(Washington, D.C.) Women gained 86,000 jobs in May, but many of these were in low-wage sectors and women lost jobs in the public sector, according to a new analysis by the National Women’s Law Center (NWLC) of data released this morning by the Bureau of Labor Statistics.
“Women accounted for 40 percent of the 217,000 jobs added last month, but their loss of 8,000 public sector jobs cut into their private sector gains,” said Joan Entmacher, Vice President for Family Economic Security. “Long-term unemployment remained at historically high levels for women and men, but nearly three million jobless workers have lost unemployment insurance benefits since December. Continued budget cuts and the failure to restore emergency unemployment benefits are slowing the recovery. It’s time for Congress to change course.”
May job gains are disproportionately low-wage for women:
- The economy added 217,000 jobs in May. Women gained 86,000 jobs while men gained 131,000.
- Women’s job gains were disproportionately in low-wage sectors. Three of every ten jobs gained by women in May were in the low-wage sectors of leisure & hospitality (+20,000) and retail (+4,900), compared to two of every ten jobs gained by men (leisure & hospitality +19,000; retail +7,600).
- Women’s largest job gains were in private education and health services (+43,000), professional and business services (which includes the temporary help services sector) (+23,000), and leisure & hospitality (+20,000).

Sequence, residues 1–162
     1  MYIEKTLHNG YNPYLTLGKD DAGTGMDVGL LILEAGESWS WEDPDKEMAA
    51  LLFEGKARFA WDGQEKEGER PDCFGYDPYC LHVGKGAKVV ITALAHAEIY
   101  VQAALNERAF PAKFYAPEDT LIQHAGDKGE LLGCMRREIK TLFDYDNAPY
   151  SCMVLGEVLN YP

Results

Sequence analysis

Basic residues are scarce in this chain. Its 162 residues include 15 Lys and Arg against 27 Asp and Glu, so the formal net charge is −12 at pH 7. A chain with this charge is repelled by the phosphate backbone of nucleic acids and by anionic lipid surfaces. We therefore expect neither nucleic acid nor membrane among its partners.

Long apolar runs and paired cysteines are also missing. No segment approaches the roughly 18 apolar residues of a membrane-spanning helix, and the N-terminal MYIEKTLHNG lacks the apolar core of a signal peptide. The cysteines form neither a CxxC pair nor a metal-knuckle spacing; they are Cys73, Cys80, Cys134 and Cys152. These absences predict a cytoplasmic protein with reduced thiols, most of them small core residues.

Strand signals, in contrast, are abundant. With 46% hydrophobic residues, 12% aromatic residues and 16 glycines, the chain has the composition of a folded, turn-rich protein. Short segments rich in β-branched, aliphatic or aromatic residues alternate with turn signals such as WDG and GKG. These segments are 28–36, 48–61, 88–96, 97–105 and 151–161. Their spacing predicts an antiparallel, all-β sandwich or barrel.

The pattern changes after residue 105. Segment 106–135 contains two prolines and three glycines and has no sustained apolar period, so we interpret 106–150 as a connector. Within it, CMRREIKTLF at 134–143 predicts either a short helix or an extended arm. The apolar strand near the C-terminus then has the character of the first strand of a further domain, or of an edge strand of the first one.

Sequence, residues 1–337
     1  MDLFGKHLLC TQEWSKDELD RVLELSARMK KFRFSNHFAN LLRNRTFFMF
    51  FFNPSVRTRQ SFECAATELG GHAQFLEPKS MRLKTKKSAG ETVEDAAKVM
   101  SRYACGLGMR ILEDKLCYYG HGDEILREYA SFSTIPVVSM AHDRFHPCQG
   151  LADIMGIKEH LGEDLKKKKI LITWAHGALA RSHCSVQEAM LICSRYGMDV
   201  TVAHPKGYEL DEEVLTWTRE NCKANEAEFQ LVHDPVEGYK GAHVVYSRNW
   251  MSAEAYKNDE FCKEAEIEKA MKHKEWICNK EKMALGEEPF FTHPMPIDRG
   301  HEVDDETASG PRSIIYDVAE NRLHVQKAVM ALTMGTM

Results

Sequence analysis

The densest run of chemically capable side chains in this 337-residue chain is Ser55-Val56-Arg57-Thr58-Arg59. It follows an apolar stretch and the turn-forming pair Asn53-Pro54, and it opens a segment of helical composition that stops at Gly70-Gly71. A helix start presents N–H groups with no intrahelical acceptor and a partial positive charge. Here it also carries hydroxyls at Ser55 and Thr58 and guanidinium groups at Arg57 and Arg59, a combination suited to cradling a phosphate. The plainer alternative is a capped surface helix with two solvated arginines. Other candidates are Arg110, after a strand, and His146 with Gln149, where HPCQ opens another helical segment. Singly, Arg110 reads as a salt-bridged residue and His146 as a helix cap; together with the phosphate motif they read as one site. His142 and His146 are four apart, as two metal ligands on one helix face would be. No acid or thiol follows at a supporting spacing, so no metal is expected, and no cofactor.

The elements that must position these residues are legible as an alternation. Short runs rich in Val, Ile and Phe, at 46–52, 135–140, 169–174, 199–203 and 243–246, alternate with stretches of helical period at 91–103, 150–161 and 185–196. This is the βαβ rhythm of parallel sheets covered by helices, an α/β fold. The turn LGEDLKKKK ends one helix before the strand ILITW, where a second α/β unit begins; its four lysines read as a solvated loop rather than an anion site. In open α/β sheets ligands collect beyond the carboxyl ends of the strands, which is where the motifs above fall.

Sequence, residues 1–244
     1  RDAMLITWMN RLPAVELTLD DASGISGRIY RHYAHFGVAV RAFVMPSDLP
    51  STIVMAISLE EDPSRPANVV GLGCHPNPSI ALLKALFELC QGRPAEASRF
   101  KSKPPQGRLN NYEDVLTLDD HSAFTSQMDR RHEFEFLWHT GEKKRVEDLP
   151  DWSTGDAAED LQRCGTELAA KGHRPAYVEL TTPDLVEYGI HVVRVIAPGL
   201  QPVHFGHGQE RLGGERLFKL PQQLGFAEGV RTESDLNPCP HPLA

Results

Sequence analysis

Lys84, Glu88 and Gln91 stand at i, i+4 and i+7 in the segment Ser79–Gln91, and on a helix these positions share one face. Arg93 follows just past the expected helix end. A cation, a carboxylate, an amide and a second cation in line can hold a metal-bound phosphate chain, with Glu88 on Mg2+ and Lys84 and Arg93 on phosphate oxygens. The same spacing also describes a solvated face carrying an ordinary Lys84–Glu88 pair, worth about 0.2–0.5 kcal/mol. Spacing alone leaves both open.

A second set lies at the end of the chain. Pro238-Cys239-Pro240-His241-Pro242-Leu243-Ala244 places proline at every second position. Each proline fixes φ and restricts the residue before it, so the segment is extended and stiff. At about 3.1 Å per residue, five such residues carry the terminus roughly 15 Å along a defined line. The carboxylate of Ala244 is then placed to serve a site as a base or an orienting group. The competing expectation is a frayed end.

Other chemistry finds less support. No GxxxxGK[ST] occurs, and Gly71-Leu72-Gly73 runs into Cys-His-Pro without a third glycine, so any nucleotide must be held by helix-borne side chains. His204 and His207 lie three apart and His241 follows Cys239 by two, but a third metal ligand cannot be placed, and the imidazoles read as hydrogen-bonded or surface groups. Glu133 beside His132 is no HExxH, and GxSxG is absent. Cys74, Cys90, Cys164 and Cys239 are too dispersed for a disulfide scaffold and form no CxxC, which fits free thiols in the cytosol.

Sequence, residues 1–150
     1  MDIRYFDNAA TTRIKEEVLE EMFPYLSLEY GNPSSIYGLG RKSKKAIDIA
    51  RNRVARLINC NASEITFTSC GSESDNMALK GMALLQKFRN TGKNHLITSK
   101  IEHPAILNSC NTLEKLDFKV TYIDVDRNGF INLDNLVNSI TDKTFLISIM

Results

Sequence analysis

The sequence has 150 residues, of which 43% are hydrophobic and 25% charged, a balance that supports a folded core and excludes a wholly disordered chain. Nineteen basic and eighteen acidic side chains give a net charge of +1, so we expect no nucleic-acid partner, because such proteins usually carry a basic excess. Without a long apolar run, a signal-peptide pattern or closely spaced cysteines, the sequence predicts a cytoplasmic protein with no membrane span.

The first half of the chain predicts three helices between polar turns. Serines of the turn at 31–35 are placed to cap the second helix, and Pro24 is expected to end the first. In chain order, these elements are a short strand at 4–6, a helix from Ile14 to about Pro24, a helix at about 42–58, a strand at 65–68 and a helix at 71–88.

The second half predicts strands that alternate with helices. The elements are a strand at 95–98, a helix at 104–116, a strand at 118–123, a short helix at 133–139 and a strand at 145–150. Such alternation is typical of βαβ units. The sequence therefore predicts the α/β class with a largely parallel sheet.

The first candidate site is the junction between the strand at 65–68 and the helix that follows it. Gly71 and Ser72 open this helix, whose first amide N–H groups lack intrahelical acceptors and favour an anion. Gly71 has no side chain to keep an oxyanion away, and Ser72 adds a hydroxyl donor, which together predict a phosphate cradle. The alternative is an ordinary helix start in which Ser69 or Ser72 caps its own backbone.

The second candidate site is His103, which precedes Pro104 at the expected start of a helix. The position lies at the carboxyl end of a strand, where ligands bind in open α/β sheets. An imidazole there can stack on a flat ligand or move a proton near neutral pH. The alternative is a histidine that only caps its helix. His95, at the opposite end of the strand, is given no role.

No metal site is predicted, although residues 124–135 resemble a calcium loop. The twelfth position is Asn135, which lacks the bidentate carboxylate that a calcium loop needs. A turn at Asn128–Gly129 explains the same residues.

- Men’s largest job gains were in professional and business services (+32,000), private education and health services (+20,000), and leisure & hospitality (+19,000).
- Women’s largest job losses were in the public sector (-8,000), while men’s largest losses were in information (-3,000).
Public sector job losses have slowed the recovery, especially for women:
- Since the start of the recovery in June 2009, women’s public sector job losses have wiped out 13.0 percent of their private sector gains. Men’s public sector job losses have wiped out 5.6 percent of their private sector gains.
Unemployment rates for adult men and women (20 and older) were unchanged:
- 5.7 percent of adult women and 5.9 percent of adult men were unemployed in May.
- Unemployment rates for vulnerable groups remained substantially higher than the overall rates for adult men and women: adult African-American women (10.0 percent), adult Hispanic women (7.5 percent), adult African-American men (11.5 percent), and single mothers (8.4 percent).
Long-term unemployment remained historically high in May:
- Nearly 3.4 million people have been looking for work for six months or more.
- 37.6 percent of unemployed adult women had been searching for a job for six months or more in May. The share for adult men was 38.9 percent. Prior to this recession, long-term unemployment rates had never been this high since records began to be kept in 1972.
- Since Congress let federal long-term unemployment benefits expire at the end of 2013, approximately 3 million workers have been cut off from benefits.